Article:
Review: Love and Ruin: A Novel by Paula McLain



Ever since I finished reading Paula McLain’s earlier Hemingway book, The Paris Wife, I have ached for Hadley Richardson, first wife of writer Ernest Hemingway. Now I have a few feelings–though not many, for Pauline Pfeiffer–the woman for whom Hemingway left Hadley. But for Martha Gelhorn? None, I’m afraid. Hear me out, please.


Gelhorn and Hemingway in China. Photo: Wikipedia


“That’s the problem with going into the world, isn’t it? You actually have to face things you find you don’t want to know….”  

[Ernest Hemingway in Love and Ruin]

Martha (Marty) Gelhorn is a legend. She was a war correspondent at a time when women were barely allowed into the military let alone allowed to serve as correspondents at the front. She was a successful writer whose work appeared in the top-selling magazines of the day–back when magazines were a huge part of people’s lives. She also wrote short stories and books.  All of this gets overshadowed today by one simple choice she made: She became the third Mrs. Ernest Hemingway.

“Not every place has a story.”

[Ernest Hemingway in Love and Ruin]

Now, I can’t explain any more than she or Ernest, why they thought having an affair in a war zone was a good idea. It’s even more baffling that they thought the idea of him divorcing the second Mrs. Hemingway and leaving behind two of his three sons, was absolutely necessary to their happiness, but that’s what they did.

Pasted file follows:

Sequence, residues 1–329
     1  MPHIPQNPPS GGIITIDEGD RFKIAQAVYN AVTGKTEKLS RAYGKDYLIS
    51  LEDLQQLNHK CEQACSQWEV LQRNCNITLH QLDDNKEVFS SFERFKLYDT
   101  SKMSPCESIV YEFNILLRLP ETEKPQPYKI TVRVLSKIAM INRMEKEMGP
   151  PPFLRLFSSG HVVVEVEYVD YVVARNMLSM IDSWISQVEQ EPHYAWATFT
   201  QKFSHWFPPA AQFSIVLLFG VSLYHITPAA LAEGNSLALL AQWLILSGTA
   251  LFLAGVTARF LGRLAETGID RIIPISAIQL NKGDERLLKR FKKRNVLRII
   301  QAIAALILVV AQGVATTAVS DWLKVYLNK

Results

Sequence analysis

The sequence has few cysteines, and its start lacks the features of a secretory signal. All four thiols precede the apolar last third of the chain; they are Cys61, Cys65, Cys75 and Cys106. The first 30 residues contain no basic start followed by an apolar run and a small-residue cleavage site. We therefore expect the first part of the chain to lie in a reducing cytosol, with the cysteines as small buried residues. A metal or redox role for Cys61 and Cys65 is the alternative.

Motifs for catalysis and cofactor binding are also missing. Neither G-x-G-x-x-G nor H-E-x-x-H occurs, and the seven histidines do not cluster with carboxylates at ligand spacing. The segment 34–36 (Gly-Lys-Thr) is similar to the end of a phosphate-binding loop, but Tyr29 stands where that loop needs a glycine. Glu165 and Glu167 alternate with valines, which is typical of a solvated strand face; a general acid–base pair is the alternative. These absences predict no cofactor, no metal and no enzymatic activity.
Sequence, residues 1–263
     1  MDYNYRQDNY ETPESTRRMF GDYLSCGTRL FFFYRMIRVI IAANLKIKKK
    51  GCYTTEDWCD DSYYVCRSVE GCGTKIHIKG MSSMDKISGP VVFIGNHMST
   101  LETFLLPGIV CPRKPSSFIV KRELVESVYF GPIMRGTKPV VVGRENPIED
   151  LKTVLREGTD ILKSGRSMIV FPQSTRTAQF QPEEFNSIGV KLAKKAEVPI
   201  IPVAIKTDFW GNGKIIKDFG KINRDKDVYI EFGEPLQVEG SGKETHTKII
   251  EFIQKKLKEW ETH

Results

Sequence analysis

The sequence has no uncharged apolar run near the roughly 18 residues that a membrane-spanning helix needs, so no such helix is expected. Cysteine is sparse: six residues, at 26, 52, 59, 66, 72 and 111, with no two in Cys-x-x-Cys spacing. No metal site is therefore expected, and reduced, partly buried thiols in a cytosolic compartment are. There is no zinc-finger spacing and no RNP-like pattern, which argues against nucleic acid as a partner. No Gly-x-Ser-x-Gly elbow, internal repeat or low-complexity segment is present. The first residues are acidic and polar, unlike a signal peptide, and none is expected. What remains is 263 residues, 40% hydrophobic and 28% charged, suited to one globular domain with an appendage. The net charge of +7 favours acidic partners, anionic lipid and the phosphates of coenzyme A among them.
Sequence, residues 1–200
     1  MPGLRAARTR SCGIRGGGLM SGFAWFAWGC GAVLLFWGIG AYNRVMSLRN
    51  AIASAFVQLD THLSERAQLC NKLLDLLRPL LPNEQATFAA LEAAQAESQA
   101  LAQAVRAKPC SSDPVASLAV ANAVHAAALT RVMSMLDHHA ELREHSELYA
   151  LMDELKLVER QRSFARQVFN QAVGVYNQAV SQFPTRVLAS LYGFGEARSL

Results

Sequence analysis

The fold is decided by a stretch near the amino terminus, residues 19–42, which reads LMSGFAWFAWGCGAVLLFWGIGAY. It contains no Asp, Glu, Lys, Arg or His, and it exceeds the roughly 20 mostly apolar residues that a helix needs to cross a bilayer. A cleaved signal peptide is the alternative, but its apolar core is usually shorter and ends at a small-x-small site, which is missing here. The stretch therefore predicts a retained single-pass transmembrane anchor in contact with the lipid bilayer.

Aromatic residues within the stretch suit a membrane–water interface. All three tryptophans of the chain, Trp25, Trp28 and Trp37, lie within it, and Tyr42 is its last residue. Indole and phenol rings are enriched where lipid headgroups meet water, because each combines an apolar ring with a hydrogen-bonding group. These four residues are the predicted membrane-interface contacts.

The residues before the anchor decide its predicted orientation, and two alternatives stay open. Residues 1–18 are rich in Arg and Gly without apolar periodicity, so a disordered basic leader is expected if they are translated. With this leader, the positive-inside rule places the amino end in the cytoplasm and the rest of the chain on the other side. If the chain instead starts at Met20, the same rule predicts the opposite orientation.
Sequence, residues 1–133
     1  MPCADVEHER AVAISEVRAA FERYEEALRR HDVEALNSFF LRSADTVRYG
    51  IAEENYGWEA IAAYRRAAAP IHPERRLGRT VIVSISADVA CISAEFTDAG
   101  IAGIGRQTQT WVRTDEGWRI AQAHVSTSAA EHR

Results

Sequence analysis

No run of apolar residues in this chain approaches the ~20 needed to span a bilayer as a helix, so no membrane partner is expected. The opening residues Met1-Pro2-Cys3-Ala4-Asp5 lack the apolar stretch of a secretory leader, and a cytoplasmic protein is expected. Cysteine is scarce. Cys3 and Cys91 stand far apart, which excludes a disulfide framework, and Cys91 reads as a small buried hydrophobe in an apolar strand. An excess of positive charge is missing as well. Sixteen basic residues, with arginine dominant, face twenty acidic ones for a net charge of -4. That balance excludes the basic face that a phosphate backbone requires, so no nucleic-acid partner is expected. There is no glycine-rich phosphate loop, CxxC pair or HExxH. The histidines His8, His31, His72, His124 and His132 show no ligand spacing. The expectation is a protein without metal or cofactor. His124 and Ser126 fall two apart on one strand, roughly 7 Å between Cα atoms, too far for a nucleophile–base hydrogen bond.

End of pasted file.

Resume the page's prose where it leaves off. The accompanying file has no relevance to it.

“…simple perfection of each day….”

Hemingway, often characterized as a “man’s man,” needed the bolstering of a devoted wife, yet sabotaged his marriages with his womanizing. Gelhorn, as relentlessly independent as I am, was not suited to marriage with such a needy partner. I could relate to her feelings so well.  I was amazed, though, at her naivete that it would all work out with a man on his third wife! And her easy use of the word “we“? I honestly can’t imagine using that word today and I’m only down one husband!


One minor historical error that does not affect the story–penicillian wasn’t available for the Spanish Civil War.

And, one very annoying thing– how many times can you use an odd word like “escritoire”???

A couple of odd modern-day ideas slipped in as well. Were people “self-aware” in this time period? And, was “shape-shifting” an idea? Those struck me as very out-of-place.

My Verdict

A very well-done retelling of their lives.  I hope she’ll do the story of his last wife, Mary, as well since that marriage will be lived out in the house Marty found and lovingly made into Ernest’s home. Reap what you sow. I’ll be in line on release day to get it if she does!




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